I came across the GoogleArtProject (this is a link) just the other day. I know it has been around for a while - since February 2011 in fact - so why I have only just heard of it is beyond me, but given that I didn't know about it, I am hoping that it might be new to some of you too.
The Google Art Project puts a huge number of works of art, from a variety of art museums, literally at your fingertips. This is not at all the same as looking at postcard- or postage-stamp sized reproductions on your screen, this is almost like being up close and personal with the actual paintings or artifacts, possibly even closer than you might be able to get with a frowning museum guard demanding that you step back please! ( I know why they have to say this, but it is such a frustration!)
The brilliant people at Google decided to use their technology to make art in museums more accessible - particularly to those not lucky enough to have great galleries right on their doorstep. They set up a unique collaboration with individual museums around the world, using extraordinary tools like Google Street View to step right inside some of the galleries to have a look around.
You will be able to visit MoMa in New York, the State Hermitage Museum in St Petersburg, Tate Britain and the National Gallery in London, the Uffizi Gallery in Florence, the Van Gogh Museum in Amsterdam, The Art Gallery of S. Australia, amongst many others. What a treat. There are 151 museums to "visit", in 40 different countries!
As of 30th October 2012, Google say that 29 new art organisations from 14 countries have agreed to bring their collections on line, bumping the total number of treasures you can view via Google to more than 35,000. The most notable new addition this year is 139 works of art from the White House.
1. ZOOM IN, TO SEE BRUSHSTROKE DETAILS.
The level of detail it is possible to see by zooming in, is quite extraordinary. You can almost feel the brushstrokes as you look at them. In some instances, the artworks were photographed using "gigapixel" photo-capturing technology, which provides around 1000 times more detail than your average digital camera. This is not true of every painting, just certain paintings, but when you do find the images photographed in this way, the level of detail is mind-boggling. The zoom feature allows viewers to get inside cracks in the parchment and other details not normally visible to the naked eye.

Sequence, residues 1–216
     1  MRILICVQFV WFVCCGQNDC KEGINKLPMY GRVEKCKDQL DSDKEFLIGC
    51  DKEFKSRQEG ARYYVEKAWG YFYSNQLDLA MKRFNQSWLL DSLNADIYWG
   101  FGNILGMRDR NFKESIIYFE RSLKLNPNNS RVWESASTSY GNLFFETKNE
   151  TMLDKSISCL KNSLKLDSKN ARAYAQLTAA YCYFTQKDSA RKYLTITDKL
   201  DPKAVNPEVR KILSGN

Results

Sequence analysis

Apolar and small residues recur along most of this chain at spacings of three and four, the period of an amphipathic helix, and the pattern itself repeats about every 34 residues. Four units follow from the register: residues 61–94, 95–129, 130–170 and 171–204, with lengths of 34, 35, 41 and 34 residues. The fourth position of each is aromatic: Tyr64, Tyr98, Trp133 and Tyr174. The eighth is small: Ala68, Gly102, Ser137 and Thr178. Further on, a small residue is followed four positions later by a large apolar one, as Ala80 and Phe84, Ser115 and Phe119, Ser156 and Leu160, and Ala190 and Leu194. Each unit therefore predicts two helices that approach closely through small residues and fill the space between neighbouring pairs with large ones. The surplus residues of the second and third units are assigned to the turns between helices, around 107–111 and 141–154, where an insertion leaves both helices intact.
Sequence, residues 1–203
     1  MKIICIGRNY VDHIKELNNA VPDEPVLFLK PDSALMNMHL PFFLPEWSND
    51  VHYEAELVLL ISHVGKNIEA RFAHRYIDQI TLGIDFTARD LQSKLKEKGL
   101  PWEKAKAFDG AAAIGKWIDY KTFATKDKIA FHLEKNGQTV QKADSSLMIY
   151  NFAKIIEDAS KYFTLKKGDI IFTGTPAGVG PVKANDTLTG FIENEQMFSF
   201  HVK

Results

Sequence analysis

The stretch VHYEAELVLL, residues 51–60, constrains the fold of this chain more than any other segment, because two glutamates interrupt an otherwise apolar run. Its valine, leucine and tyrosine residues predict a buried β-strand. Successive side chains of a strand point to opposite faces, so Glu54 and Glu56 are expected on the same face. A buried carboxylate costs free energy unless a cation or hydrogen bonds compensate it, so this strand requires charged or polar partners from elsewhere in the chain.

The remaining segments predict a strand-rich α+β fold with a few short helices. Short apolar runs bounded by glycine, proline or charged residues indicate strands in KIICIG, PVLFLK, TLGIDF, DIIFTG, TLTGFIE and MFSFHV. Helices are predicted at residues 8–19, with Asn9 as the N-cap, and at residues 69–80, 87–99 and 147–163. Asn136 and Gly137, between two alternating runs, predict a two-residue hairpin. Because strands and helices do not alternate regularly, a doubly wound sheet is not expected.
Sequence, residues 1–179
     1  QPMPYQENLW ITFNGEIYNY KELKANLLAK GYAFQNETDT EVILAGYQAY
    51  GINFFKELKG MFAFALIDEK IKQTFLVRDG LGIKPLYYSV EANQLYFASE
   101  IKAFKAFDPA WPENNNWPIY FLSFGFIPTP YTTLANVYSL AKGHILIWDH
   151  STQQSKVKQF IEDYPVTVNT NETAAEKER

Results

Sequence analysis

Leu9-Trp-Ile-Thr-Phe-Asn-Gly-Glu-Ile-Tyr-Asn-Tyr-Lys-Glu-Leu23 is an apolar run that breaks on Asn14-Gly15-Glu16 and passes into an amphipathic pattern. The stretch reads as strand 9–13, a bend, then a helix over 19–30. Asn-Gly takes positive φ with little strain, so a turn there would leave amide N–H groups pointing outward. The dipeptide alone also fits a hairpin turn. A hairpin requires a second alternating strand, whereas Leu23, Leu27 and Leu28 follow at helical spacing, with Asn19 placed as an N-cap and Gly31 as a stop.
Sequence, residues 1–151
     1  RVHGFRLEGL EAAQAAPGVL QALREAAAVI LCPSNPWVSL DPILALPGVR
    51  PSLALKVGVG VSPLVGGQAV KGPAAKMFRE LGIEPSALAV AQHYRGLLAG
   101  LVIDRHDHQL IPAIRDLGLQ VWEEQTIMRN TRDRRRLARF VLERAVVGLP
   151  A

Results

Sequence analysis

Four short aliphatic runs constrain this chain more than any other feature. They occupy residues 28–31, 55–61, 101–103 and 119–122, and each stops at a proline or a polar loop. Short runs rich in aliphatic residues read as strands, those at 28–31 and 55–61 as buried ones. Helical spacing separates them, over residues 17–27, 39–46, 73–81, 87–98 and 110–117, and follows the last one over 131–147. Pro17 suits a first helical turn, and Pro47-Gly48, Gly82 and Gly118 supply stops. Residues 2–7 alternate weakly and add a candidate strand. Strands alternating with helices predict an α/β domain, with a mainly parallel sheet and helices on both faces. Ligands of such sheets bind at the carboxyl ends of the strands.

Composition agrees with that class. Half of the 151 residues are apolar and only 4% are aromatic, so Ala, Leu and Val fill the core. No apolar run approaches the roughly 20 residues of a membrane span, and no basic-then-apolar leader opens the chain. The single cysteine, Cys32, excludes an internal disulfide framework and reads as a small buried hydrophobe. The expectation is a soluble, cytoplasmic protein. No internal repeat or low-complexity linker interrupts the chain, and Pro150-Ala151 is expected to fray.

|Degas Swaying Dancer normal view|
|zooming in......remember, this will be the full screen on your computer|
2. USE STREET VIEW TO STEP INSIDE A GALLERY
Google's Street View team designed a brand-new vehicle called the "Trolley" to take 360 degree images of the interiors of certain galleries, which were then stitched together enabling smooth navigation of rooms within the museums. There is also a clickable feature so you can jump from being inside a museum one moment, to viewing a particular artwork the next. There are info panels which give you information about an artwork, direct you to more works by that artist, and send you to see related YouTube vids.
|Interior of MoMa|
3. CREATE YOUR OWN COLLECTION
With this feature, you can save specific views of any of the artworks, and build your own personalised collection. You can add comments to each image, and you can share the entire collection with your friends and family. More than 300,000 users have created their own online galleries to date.
4. COMPARE ARTWORKS
There is a compare button on the toolbar to the left of each painting, which allows you to examine two pieces of art side by side. You can - apparently - see how an artist's style has evolved over time, you can connect trends across cultures, or delve deeply into two parts of the same work. This could be an amazing educational tool....if you can get it to work. I couldn't !! If anyone else can, perhaps you can tell me what I might have been doing wrong! I got the "drag it here" pictures, but nothing would drag. No "help" guide either....a gap I think...Google team, please note. As far as I could see, we are expected to find our own way intuitively around the site. This may be OK for some, but I still feel a "help" guide would be welcomed by many.
You might enjoy these YouTube overviews:(click on the links)
How to use the site: this was a bit fast for me. You might find it useful tho.
Behind the scenes - 4 fascinating speeded-up minutes which show the Google team at work all over the world. Again, a bit fast for my poor eyes, but I enjoyed it nevertheless.
and another here Interviews as well as shots of the team at work. This one is a bit slower and easier to cope with!
For educational art projects, this site must be invaluable. For entertainment from your armchair, it is pretty unbeatable if you love art. Although I do feel that nothing quite replaces the actual experience of standing in front of a painting and drinking it in, I am realistic enough to know that I may never get the chance to visit some of these wonderful museums and see the artworks for myself, so this is a darn good second best!